.:Music thing: How to roll up your cables (properly!):.
Here is a great article posted over at musicthing. How to role up your cables properly. If any of you are like me, that being a neat freak, you just can't stand messed up cables. Even if you aren't a neat freak and want to clean up your stage a little or perhaps speed up your tear down then learning how to roll up cables might be a good first step.
Tags: musicthing cable rollup
Monday, October 30, 2006
The article below is a messageboard post from over at .:livepa.org:. written by Nermidi. It is a small editorial that I liked ad might have some truth to it.
I know some of you are going through the menus, pushing those buttons at 300 miles an hour, and hitting those keys like a freaking punching bag and then you wonder why your gear crashes, malfunctions, and in the worst case scenario dies.
Just take into consideration that all the internal components and circuitry are working with help of electricity and all those pathways and chips convey electricity in the form of messages that are sent externally by the user. When all the works take place, I think that there is a certain amount of physical stress to the components and pathways that takes place at all times and I'd like to think that all the parts are made to sustain all the pressure that is asserted upon them, but all the modern technology doesn't make those parts perfect. How do we know for sure if the pattern and speed at which those messages travel do not effect circuitry, chips, ram, and all the places they go? For example, my CS [Command Station] would crash if there was too many track erase messages being sent through shift/erase shortcut. After very slowly realizing the cause of the crash I started working my way around it and then I realized that if I focus a bit more and do it the right way the first or second time I wouldn't worry about the erase button as much. Now that I am using erase button less often, and it hasn't crashed on me in a long time in comparison to crashing every time I used it before the change of a habit. Going through all that led me to change a lot of other aspects in the way I use gear and how effective I am.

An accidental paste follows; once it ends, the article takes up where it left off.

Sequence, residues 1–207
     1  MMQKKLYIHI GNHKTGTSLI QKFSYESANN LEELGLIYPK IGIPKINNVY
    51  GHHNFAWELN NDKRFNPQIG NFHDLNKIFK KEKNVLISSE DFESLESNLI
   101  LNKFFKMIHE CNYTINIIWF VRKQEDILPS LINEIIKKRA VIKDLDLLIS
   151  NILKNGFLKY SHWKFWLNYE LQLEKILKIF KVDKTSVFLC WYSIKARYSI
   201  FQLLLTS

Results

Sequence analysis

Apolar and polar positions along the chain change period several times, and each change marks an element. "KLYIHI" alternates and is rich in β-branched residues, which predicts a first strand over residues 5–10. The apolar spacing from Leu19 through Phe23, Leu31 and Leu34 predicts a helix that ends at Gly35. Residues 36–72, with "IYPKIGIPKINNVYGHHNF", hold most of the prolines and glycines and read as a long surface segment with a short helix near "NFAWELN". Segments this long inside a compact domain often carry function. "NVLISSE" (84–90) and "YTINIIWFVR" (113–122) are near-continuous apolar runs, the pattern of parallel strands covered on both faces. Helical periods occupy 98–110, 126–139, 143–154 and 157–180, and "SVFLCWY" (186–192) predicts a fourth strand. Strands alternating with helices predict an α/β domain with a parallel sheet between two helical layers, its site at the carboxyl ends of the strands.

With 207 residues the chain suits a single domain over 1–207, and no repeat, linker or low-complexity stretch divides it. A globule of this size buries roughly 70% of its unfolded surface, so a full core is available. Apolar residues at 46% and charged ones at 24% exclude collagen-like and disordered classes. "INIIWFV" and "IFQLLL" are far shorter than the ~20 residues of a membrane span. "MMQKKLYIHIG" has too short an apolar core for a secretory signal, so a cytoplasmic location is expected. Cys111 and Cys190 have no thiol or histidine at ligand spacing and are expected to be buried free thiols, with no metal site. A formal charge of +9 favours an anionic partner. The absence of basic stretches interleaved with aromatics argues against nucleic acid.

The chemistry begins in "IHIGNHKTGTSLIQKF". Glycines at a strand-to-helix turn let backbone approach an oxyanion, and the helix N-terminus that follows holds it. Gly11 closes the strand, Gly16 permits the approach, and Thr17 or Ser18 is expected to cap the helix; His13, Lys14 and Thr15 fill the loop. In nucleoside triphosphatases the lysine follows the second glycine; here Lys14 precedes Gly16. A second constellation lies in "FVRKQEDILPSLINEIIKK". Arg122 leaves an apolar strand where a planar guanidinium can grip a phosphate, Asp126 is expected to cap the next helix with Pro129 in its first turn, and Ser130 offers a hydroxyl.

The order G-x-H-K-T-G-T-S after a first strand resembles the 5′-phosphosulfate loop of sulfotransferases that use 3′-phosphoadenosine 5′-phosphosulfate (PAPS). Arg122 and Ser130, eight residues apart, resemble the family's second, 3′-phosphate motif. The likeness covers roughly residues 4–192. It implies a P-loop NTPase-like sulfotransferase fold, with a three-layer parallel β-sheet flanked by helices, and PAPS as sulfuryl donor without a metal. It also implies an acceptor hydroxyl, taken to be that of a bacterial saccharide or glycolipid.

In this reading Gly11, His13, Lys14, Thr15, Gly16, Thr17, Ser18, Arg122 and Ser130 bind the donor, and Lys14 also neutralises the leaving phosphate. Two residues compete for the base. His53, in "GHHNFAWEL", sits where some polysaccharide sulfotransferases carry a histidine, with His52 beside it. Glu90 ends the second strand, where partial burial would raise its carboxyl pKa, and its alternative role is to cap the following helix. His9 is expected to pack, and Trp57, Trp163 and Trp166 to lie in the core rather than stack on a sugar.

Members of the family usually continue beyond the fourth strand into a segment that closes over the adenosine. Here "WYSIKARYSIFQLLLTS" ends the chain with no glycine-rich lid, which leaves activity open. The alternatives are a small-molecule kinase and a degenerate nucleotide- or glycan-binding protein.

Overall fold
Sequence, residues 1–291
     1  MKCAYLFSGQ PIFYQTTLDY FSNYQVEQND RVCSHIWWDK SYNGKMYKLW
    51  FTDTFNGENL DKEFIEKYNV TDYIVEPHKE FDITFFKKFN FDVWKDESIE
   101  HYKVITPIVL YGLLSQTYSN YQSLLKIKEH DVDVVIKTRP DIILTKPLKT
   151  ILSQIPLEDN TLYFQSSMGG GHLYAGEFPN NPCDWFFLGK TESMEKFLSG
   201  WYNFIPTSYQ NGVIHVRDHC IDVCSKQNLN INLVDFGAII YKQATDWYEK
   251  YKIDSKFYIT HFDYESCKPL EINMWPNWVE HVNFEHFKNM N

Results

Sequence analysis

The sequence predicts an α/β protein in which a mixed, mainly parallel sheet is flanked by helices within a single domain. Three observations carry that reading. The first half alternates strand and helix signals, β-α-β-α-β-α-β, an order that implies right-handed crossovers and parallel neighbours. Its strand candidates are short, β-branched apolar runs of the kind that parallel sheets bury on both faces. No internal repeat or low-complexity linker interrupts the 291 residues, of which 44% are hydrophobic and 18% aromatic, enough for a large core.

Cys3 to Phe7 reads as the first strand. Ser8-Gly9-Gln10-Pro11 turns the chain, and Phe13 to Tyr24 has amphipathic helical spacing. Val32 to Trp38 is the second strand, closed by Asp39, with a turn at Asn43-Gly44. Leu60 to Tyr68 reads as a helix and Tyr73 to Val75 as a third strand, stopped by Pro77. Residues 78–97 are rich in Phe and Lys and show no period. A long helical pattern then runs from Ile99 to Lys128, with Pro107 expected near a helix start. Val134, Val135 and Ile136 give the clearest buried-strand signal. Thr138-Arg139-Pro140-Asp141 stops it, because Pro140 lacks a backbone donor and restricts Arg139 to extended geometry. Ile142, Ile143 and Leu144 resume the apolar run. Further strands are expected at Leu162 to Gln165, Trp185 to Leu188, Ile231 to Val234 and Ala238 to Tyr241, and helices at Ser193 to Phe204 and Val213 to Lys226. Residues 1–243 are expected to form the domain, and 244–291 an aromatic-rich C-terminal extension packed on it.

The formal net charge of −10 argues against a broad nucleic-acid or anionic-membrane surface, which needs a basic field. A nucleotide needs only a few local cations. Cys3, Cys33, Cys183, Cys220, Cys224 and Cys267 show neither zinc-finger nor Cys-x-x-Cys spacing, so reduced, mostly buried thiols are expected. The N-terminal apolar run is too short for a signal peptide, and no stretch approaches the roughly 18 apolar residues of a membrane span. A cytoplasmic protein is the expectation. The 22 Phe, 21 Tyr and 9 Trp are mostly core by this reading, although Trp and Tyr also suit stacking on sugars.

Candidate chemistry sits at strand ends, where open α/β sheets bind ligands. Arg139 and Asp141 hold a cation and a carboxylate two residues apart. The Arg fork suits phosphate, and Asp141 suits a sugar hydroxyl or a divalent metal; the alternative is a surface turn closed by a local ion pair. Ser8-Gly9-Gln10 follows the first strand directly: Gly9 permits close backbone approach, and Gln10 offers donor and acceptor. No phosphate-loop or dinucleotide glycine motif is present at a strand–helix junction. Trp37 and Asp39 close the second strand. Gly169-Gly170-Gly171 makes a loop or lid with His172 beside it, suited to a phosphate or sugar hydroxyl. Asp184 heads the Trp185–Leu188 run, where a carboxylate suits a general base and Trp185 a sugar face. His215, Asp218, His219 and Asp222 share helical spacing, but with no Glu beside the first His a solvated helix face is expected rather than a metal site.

A lot of gear that is made a few years back is slowly losing manufacturer's support or is being discontinued. Just take a E-mu stuff for example. Their products are very good and durable IMO, but what do you do if something that you have used for years and it has basically become an extension of yourself, all of a sudden won't boot? You can either try to fix it, get another one or adjust to something else. Either way the options would be hard to pull of especially with discontinued gear. Although going through all that could be a good challenge why not relax and focus to become more effective and direct your creative energy towards what really matters. That way you can take a lot of pressure off your tools and make them last until you (Emphasis added) are ready to replace it.
One advice I could give is don't make one unit do all work. Too much polyphony can kill. Dedicate one unit to a specific task or disperse the parts as equally as possible.
Interesting thought don't you think? I had to edit the article for some spelling mistakes because I think he was wasted when he wrote it, but it begs one to think for a moment about the way we use our gear and our long term processes. Does taking a little extra time now to plan think about your music save yourself not only time, but your gear? We all know how attached we can become and what are you going to do five or ten years from now if that favorite synth of yours crashes with years worth of work in it?
Tags: Nermidi Gear Care Editorial
Sunday, October 29, 2006
As promised (albeit late) I have finally posted the special treat I had. It is the very last liveset of Orbital recorded on Radio 1 in July 2004. As far as I know this is not online anywhere else. I have even spliced in the additional encore track that was not broadcast on the radio.
I hope everyone enjoys this. The track unfortunately is not a direct mp3 link. It is hosted on Mediafire.com.
.:Orbital- July 28th, 2004 Maida Vale Studios, London:.
Here is the set list. Enjoy.
The Girl With The Sun In Her Head
Halcyon (Belinda Carlisle/Bon Jovi/The Darkness)
One Perfect Sunrise
Tags: Orbital liveset mp3 radio 1
Thursday, October 26, 2006
+ Economicon 3:16 +